No business is immune to data breaches, whether big or small.
We know we sound like a broken record on this one, but it’s true.
We see the high-profile companies like Equifax and Uber experiencing massive cyber attacks often and may be gravely underestimating how we could be affected. These attacks over the past 2 years have compromised millions of user accounts and put countless consumers at risk of identity theft and financial loss.
According the NBC News, the number of data breaches in the U.S. rose 29 percent just in the first half of last year, and that trend has continued since.
With businesses in industries like yours (read: across many sectors), we’re finding IT and technology professionals pouring money into data security to prevent cyber criminals from accessing sensitive data. This is encouraging and important!
Even so, though, the previous attacks are difficult to monitor once things get out. Cyber criminals now take to the dark web to sell and buy stolen personal information and circumvent traditional protections later on as a result.
What Is the Dark Web?
The dark web, AKA “darknet”, is a layer of the internet that’s hidden from search engines.
The dark web is only accessible through special software or configurations, and it allows users to remain anonymous. This anonymity makes it easy to buy and sell illegal items and services.
Cyber criminals buy and sell stolen data on the dark web to commit identity theft and fraud. They also leverage this stolen data to fund criminal organizations around the world.
What happens during a Dark Web scan?
Dark web scanning helps organizations detect cyber threats that expose stolen email addresses, business accounts and other personal information on the dark web.
A dark web scan uses human and artificial intelligence to scan criminal chat rooms, blogs, forums, private networks and other sites. The scan operates 24/7.
How does the scan identify your stolen data?
A dark web scan identifies stolen credentials and other personal information that’s circulating on dark web networks and channels.
This scanning method searches specifically for your business’s email domains and IP addresses. The scan detects data from private sites that require memberships within the cyber criminal community to enter. For instance, if a dark web scan determines that your credentials have been exposed, you should immediately consult your IT and/or security teams to determine the source or cause of that data breach.
You can’t remove data that has already been distributed within the dark web, but you can take precautions immediately to contain this data and protect users against identity theft!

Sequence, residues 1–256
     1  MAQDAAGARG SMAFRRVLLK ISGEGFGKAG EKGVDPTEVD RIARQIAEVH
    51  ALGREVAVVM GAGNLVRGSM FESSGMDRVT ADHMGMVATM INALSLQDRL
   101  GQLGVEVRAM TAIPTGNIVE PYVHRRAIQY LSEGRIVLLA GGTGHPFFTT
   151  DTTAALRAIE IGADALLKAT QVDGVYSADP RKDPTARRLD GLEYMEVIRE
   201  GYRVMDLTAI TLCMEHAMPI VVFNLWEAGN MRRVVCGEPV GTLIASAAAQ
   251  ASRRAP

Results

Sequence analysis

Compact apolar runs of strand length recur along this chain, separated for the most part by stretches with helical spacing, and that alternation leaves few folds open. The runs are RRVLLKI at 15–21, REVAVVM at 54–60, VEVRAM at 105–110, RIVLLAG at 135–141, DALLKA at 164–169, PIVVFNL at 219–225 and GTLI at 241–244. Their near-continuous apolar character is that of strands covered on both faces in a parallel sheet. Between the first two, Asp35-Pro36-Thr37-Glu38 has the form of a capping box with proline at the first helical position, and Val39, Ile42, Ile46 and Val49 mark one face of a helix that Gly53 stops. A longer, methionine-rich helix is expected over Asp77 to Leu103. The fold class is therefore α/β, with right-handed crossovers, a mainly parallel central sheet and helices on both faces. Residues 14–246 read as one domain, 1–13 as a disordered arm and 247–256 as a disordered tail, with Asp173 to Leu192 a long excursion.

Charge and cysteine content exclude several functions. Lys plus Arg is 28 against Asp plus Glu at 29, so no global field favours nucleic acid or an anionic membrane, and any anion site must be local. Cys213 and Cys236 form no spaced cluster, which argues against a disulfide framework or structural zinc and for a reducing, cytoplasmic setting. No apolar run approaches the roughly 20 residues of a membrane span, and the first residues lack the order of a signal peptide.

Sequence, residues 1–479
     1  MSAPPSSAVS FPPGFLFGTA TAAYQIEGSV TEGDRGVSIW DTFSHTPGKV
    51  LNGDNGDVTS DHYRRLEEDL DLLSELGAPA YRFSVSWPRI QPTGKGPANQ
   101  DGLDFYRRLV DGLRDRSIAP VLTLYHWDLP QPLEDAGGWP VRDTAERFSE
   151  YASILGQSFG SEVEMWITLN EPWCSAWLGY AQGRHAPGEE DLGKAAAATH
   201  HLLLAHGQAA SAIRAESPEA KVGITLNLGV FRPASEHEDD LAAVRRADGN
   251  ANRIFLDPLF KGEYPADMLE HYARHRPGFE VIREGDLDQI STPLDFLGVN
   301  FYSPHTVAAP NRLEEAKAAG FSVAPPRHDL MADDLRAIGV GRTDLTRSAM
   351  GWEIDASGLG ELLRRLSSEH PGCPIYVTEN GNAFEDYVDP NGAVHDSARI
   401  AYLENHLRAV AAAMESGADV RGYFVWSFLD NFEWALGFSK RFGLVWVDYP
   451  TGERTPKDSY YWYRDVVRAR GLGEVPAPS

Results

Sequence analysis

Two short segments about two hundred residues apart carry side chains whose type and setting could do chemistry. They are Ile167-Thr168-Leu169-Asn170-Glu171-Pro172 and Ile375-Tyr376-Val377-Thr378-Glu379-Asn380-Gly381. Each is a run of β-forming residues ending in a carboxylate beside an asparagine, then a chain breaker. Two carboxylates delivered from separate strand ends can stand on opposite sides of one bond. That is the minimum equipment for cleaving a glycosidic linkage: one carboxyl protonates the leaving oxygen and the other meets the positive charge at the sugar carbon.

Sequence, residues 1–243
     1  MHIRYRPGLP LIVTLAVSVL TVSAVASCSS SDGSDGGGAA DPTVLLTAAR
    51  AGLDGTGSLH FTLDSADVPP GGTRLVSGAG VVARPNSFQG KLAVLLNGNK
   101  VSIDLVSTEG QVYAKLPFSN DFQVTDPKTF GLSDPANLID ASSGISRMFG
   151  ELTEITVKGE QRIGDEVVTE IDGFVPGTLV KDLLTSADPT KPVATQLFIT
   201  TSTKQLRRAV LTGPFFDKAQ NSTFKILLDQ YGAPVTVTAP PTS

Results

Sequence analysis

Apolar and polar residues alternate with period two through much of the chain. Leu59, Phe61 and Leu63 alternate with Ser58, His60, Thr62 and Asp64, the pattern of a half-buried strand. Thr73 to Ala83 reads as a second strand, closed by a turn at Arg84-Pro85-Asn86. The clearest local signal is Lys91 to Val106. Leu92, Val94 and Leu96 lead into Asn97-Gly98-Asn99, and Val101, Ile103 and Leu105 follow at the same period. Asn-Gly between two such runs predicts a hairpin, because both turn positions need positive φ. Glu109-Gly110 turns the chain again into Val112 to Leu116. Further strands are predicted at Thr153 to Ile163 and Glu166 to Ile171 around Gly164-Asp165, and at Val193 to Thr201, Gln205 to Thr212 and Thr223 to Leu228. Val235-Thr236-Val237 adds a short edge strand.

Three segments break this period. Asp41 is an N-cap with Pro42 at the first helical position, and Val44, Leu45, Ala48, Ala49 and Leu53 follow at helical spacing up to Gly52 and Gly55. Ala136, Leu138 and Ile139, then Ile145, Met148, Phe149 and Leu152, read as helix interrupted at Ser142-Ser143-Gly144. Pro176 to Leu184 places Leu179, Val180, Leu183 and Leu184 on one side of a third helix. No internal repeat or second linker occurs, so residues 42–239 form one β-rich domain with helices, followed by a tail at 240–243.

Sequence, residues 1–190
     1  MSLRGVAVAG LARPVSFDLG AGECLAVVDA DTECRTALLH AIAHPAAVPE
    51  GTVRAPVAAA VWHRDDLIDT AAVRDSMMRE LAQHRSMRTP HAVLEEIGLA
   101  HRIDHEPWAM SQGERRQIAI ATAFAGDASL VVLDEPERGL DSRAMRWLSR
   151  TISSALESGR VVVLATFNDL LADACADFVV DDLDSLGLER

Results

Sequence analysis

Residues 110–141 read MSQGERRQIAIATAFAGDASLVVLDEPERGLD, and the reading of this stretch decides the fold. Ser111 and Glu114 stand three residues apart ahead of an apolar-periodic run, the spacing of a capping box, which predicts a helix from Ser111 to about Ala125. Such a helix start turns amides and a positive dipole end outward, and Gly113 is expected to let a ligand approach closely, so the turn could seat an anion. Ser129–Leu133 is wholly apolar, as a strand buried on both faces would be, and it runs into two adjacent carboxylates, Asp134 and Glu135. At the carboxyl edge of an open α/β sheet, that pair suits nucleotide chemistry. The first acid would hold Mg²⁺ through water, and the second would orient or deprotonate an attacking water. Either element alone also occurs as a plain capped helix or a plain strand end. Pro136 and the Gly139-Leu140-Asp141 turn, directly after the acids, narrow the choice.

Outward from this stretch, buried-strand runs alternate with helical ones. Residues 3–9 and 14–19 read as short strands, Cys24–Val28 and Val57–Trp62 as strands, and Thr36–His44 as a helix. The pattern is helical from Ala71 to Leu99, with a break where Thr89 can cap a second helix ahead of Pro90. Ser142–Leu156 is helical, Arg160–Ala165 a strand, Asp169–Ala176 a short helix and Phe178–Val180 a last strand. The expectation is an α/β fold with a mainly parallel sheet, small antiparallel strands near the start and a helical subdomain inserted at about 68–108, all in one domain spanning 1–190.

Why invest in Dark Web scanning?
Unsure whether dark web scanning is a necessity for your business?
Here’s why you shouldn’t delay:
- Data breaches are costly.
According to HealthIT Security, the average cost to recover from a data breach is $225 per compromised record. Plus, if your data is compromised, you could face a mandatory forensic examination, compliance fines and potential lawsuits. These activities incur huge costs that are damaging to your business.
- Data breaches impact people.
Exposed data can absolutely impact your people, employees, their families, and beyond. Identity theft adversely affects people’s lives by adding stress, losing money, and, in some cases, it can cost people their livelihoods. People can have their licenses revoked, criminal warrants issued in their name, and even have medical records exposed. Dark web scanning can really be critical to the successful protection and security of your customers, employees, and vendors.
- Small businesses aren’t immune to hackers.
Big companies like Equifax, Uber, Yahoo!, and Target end up in the news when they experience data breaches. That doesn’t have to be you and that doesn’t mean small businesses aren’t vulnerable.
Stolen information on the dark web is up to 20 times more likely to come from an entity whose breach wasn’t reported in the media.
At Cooperative Systems, we take Dark Web scanning very seriously and help Hartford- and Boston-area businesses protect their data from modern digital security threats.
Get in touch with us.